Empowering Neuroscience through Open-Source Software

Announcing Kavli supported 2024 Essential Open-Source Software for Science Awardees

The Kavli Foundation is proud to partner with the Chan Zuckerberg Initiative, Wellcome Trust and the Research Software Alliance on the Essential Open-Source Software for Science (EOSS) grant program. Open-source software designed for scientists is critical to the research enterprise, yet often lacks sufficient support. In neuroscience, research software can be as important as instrumentation to help neuroscientists develop tools that will drive discovery. This is why The Kavli Foundation has an Open Data in Neuroscience program area, and as part of that program, will fund two software platforms through the EOSS collaboration.

“We recognize the important role of technology, including software, in driving innovation in scientific research globally,” said Dr. Stephanie Albin, program officer at The Kavli Foundation. “I’m excited that Kavli will be supporting impactful software projects that benefit the global neuroscience community through this partnership.”

The outstanding recipients of Kavli-supported international EOSS awards are:

Dr. Mackenzie Mathis, Assistant Professor at the Swiss Federal Institute of Technology in Lausanne, Switzerland for her project Next-generation movement monitoring with the DeepLabCut ecosystem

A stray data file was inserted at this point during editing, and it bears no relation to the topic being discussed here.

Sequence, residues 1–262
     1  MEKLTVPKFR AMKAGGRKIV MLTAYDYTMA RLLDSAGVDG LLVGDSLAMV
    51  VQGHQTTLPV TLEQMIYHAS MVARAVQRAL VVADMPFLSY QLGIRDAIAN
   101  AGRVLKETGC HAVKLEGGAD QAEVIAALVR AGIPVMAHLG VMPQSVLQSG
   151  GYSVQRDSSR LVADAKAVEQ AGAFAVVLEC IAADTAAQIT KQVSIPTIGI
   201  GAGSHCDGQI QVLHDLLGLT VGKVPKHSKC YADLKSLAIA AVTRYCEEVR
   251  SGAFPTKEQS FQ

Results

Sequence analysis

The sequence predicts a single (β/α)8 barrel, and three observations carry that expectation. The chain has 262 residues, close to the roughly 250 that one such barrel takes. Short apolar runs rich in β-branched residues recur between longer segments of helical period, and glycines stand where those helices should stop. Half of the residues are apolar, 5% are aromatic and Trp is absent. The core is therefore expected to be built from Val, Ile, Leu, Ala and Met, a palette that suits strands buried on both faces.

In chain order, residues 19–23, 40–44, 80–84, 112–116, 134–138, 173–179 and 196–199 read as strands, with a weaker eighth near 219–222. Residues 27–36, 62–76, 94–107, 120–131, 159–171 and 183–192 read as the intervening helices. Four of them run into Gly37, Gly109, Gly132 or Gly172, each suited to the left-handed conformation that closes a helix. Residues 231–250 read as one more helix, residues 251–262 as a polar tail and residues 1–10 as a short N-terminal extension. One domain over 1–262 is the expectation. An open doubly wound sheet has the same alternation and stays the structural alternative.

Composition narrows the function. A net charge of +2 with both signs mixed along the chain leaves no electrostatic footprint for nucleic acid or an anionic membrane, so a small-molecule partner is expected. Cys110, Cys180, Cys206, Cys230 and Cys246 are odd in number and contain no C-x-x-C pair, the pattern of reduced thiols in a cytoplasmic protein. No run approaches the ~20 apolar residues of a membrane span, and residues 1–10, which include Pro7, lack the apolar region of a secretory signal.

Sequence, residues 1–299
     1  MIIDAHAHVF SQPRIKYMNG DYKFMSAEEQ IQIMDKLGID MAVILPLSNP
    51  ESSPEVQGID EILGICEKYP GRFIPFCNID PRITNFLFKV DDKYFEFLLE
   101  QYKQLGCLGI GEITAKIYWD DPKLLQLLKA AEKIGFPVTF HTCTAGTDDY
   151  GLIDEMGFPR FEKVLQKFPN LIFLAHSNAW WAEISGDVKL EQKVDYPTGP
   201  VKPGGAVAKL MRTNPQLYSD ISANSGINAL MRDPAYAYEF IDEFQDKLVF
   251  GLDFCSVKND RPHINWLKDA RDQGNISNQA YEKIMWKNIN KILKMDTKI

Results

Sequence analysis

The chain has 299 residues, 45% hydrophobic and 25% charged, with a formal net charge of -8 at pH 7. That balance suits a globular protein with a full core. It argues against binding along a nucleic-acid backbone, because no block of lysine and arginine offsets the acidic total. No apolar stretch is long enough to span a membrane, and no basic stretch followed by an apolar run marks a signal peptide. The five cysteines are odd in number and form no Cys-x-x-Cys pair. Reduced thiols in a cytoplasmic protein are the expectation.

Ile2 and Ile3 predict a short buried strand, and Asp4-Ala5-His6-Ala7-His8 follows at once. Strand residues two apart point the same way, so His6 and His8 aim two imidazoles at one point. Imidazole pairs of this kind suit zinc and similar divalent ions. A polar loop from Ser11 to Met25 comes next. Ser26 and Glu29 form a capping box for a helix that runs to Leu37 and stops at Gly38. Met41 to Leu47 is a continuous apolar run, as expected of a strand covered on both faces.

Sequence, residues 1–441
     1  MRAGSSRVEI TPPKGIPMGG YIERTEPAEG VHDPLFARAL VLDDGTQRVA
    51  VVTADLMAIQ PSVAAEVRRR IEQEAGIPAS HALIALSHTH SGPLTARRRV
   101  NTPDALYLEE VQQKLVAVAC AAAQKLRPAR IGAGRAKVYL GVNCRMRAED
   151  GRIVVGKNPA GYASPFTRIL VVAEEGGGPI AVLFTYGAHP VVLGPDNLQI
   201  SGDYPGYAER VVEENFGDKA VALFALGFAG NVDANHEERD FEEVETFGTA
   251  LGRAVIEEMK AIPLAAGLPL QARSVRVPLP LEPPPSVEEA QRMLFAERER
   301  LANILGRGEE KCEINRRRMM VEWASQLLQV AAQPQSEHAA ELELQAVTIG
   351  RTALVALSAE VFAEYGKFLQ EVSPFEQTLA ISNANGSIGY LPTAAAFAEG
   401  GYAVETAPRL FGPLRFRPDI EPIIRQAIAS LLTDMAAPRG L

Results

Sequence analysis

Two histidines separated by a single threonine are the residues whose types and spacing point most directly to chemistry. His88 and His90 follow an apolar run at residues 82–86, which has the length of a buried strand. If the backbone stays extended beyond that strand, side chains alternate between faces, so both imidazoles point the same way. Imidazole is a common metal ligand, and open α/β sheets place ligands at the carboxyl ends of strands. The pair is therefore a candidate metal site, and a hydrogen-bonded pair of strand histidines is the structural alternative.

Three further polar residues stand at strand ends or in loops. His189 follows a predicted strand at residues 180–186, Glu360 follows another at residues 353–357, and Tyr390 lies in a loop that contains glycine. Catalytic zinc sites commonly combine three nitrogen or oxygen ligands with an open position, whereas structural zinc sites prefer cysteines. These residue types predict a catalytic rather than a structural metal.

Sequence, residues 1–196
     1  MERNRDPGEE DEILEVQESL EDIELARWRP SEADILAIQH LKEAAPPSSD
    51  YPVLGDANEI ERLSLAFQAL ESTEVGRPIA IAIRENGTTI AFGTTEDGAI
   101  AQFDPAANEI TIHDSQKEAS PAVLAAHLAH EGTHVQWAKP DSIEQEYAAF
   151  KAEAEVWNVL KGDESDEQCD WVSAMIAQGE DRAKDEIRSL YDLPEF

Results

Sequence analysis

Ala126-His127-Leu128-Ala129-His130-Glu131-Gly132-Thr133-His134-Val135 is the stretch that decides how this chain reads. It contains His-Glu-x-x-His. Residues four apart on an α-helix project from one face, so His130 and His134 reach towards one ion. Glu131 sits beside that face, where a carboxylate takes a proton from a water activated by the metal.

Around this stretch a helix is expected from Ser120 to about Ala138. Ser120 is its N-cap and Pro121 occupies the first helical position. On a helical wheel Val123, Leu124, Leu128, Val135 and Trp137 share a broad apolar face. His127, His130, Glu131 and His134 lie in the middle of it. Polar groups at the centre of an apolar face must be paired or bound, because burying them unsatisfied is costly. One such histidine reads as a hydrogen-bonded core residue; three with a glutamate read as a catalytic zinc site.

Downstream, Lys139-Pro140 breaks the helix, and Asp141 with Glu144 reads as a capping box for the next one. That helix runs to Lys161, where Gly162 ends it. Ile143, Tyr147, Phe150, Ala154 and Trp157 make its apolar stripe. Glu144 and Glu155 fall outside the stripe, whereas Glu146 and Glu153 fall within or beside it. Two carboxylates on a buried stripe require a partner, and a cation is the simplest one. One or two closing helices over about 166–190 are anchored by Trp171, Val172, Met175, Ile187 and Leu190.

Dr. Mathis is the co-lead developer of the DeepLabCut software toolkit used by thousands of researchers around the world to track an animal’s motion. This grant to support Dr. Mathis’ work will not only advance the capabilities of this widely used application, but also expand the DeepLabCut AI Residency program which helps early-career researchers from under-represented groups gain expertise.

Dr. Upinder S. Bhalla, Professor at the National Centre for Biological Sciences in Bangalore, India, for his project Enhancing Interoperability, UI and Documentation of MOOSE

Dr. Bhalla is the primary architect of the Multiscale Object-Oriented Simulation Environment (MOOSE), designed to simulate neural systems across scales - from biochemical reactions in an individual cell to large multi-neuron network models. This grant will allow Dr. Bhalla to enhance the existing software package and support outreach and training activities, ultimately making computational modeling more accessible to researchers and students globally.